Will judge allow 'gay panic' defense?

Posted: May 10, 2011

Should the "gay panic" defense be allowed in Philadelphia courts?

The decision now lies with one judge, who heard arguments for and against the unusual defense yesterday in the case of Ray Armstrong, a one-time Times Square billboard model who is accused of murdering his friend with his bare hands in Grays Ferry.

On Sept. 27, 2008, Armstrong, now 34, showed up distraught at the house of his longtime friend, Anthony Williams. Neighbors, who allegedly saw Armstrong punching cars, believed he was high off a marijuana blunt dipped in PCP and asked Williams to bring his friend inside.

Ten minutes after Williams did so, Armstrong ran out of the house naked and soaking wet, lay face down in the middle of the street and declared "I am God," police and neighbors said.

Police said Armstrong killed Williams, 37, a service adviser at Central City Toyota, in West Philadelphia, by beating and strangling him.

Defense attorney Joseph Canuso said a defense psychiatrist had determined that at the time of the killing, Armstrong had a panic attack that rendered him "incapable of forming the specific intent to kill" and that the panic attack had been brought on by Williams' "attempt to have sexual relations" with Armstrong.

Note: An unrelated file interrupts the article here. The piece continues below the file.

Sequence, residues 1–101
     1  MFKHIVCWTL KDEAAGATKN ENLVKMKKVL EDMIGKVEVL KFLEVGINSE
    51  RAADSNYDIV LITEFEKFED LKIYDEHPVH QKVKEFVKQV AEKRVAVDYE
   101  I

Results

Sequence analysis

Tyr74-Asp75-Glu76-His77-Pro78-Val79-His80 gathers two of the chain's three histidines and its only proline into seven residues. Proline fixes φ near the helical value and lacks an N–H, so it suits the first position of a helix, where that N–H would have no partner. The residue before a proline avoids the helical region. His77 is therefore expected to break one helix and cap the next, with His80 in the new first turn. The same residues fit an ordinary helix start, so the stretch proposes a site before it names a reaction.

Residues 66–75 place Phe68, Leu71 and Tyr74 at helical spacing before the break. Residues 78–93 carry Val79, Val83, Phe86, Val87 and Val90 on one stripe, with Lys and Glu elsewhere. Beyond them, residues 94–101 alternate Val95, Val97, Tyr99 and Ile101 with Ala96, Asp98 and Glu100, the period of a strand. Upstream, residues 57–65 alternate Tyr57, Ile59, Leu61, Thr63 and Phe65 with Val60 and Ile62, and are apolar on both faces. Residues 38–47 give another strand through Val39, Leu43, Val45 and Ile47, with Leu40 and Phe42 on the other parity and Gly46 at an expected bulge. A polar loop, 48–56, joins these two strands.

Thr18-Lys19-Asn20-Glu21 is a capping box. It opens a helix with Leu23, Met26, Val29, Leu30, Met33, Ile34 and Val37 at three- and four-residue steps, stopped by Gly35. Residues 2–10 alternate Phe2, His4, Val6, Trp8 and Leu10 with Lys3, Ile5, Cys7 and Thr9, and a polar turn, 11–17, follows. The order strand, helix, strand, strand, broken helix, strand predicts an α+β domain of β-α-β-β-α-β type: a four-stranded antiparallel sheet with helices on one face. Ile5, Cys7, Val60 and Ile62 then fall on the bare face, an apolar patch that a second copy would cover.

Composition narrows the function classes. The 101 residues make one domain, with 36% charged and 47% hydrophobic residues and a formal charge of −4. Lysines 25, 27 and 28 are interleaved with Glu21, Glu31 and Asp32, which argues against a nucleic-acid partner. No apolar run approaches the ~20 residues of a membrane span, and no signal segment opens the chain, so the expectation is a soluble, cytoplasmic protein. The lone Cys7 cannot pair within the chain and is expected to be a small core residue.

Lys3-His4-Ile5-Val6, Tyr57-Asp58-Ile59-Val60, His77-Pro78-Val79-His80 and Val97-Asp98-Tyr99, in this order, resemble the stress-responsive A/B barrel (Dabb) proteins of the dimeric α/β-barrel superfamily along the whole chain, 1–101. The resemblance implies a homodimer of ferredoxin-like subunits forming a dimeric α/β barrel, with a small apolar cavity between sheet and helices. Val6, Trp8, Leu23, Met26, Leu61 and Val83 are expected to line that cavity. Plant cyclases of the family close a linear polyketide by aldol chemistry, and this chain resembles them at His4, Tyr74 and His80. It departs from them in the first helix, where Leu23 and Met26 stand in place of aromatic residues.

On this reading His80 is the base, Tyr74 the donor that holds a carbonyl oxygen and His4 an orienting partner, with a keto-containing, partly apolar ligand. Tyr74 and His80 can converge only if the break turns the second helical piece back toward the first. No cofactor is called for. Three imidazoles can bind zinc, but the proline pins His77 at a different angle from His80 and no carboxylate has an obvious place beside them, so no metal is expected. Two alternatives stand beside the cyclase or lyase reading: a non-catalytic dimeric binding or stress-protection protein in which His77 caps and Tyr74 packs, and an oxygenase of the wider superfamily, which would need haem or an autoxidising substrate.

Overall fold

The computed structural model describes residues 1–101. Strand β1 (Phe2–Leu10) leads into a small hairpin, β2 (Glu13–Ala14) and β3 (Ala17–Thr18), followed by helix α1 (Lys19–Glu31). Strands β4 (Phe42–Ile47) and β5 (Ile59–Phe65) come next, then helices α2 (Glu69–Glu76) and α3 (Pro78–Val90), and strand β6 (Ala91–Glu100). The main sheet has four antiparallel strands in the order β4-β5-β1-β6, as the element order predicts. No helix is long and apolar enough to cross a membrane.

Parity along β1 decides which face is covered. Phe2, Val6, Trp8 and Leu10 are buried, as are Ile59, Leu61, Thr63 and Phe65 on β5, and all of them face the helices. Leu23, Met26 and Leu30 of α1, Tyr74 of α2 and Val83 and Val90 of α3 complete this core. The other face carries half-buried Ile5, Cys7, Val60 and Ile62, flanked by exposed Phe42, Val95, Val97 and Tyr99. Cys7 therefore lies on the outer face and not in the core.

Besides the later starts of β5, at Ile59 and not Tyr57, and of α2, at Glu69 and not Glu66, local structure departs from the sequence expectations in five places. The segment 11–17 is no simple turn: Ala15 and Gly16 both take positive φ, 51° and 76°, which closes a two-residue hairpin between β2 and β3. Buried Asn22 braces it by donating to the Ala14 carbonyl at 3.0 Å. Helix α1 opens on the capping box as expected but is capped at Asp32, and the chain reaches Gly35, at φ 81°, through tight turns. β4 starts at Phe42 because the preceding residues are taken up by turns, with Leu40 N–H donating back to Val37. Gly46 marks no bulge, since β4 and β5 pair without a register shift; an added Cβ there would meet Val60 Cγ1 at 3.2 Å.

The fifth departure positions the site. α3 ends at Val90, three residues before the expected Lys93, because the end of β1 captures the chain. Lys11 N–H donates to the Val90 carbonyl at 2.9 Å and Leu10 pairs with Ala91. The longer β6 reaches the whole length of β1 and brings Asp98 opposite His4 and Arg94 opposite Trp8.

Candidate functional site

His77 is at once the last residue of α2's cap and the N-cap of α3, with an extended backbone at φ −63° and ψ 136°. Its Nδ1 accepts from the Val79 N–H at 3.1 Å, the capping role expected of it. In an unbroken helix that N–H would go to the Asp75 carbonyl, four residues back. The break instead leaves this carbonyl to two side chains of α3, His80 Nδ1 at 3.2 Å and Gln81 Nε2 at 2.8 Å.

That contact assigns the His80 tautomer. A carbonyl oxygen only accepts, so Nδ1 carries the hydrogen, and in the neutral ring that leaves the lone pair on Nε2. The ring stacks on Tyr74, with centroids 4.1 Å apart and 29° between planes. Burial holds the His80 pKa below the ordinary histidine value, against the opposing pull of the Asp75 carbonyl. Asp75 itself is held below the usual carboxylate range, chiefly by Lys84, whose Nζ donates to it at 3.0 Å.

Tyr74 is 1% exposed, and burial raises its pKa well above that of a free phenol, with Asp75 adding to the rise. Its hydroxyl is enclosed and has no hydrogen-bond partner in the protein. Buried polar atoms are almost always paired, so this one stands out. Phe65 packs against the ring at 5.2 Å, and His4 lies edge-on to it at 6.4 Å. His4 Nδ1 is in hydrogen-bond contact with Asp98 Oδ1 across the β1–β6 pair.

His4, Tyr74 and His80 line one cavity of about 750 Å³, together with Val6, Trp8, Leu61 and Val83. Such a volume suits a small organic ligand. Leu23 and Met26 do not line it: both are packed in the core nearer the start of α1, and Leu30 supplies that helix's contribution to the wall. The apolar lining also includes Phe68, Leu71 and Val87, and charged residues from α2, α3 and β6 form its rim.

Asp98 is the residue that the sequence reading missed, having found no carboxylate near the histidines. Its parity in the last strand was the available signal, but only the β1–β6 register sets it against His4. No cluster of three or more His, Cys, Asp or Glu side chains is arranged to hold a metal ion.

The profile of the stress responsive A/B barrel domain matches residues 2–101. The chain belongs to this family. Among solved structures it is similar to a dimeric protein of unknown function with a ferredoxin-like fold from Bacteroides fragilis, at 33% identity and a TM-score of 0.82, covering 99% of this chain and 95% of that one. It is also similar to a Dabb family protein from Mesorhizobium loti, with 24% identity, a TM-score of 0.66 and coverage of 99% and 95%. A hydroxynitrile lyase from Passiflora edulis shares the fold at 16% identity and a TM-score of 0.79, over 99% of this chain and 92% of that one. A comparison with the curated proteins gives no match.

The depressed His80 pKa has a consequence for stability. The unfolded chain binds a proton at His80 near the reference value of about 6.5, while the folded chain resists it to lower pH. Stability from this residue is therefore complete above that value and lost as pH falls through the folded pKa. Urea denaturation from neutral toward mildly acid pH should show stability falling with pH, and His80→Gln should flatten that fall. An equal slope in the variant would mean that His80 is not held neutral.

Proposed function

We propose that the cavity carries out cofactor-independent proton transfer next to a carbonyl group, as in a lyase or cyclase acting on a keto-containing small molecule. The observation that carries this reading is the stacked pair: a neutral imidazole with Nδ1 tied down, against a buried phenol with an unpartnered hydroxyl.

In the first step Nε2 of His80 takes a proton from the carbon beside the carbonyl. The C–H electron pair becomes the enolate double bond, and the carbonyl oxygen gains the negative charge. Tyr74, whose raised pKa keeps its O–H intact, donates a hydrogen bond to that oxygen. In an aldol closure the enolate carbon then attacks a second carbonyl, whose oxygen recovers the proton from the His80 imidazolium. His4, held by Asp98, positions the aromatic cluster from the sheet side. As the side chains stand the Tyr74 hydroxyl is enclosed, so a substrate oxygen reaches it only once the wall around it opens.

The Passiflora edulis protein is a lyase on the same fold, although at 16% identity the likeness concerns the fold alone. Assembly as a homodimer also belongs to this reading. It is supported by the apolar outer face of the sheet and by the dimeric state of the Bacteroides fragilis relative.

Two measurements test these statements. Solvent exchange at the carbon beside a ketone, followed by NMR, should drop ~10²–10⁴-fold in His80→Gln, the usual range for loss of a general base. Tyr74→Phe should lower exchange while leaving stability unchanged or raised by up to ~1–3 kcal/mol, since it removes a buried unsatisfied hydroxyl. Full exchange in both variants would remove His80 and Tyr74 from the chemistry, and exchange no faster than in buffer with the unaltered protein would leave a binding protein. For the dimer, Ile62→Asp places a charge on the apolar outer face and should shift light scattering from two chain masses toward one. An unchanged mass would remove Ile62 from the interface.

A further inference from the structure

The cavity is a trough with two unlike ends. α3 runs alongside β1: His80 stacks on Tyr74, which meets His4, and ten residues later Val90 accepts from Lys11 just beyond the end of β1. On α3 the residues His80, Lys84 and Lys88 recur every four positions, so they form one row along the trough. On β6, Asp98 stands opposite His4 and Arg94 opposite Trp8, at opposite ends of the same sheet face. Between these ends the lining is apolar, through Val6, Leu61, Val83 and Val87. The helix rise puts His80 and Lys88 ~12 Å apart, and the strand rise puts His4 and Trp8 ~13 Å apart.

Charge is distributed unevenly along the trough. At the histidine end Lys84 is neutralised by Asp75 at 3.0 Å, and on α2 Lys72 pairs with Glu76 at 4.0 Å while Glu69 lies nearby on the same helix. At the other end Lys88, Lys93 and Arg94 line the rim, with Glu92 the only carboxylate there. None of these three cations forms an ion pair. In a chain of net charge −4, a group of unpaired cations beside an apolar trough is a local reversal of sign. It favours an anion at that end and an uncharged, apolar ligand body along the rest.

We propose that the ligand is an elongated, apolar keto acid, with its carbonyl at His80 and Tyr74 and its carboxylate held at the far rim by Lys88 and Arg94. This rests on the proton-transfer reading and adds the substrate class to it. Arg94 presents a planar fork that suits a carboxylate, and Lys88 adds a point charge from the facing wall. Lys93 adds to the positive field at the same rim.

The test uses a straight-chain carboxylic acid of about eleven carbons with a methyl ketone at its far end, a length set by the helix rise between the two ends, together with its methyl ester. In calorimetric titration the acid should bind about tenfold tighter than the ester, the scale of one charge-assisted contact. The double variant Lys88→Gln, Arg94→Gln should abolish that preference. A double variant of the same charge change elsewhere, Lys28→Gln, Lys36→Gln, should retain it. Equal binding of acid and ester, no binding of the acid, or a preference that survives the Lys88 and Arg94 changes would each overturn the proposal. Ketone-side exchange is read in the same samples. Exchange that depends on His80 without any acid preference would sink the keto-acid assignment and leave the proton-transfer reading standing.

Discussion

Although it has no specific definition, the gay-panic defense typically rests on a defendant's being so shocked by sexual advances from someone of the same gender that he assaults or kills the person. Canuso did not use the term "gay panic" in his arguments.

But Assistant District Attorney Leon Goodman said that what Canuso is pursuing is the "gay panic" defense and that it hasn't been accepted in Pennsylvania.

The defense has successfully been used elsewhere, including in 2008 when an Illinois man was acquitted after stabbing a friend 61 times after a night of drinking.

Yesterday's hearing addressed Goodman's motion to preclude Canuso from pursuing the defense at trial.

"There's a particular danger in that [defense] . . . to state to a jury this defendant did what he did because of a sexual advance by a person of the same sex," Goodman said. "It turns into almost a referendum on . . . a homosexual lifestyle."

Canuso said that his chosen defense is "not a novel theory" and that it's "fodder for trial," not for a pretrial motion. He said Armstrong's bizarre behavior before and after the murder, some of which was caught on video by a neighbor, will also play a role.

Blood tests taken from Armstrong on the night of the slaying revealed that he had not taken PCP after all and that the only substance in his system was cannabis, Goodman said yesterday.

Judge Gwendolyn Bright, who placed a gag order on the case yesterday, is expected to rule on the motion on May 26.

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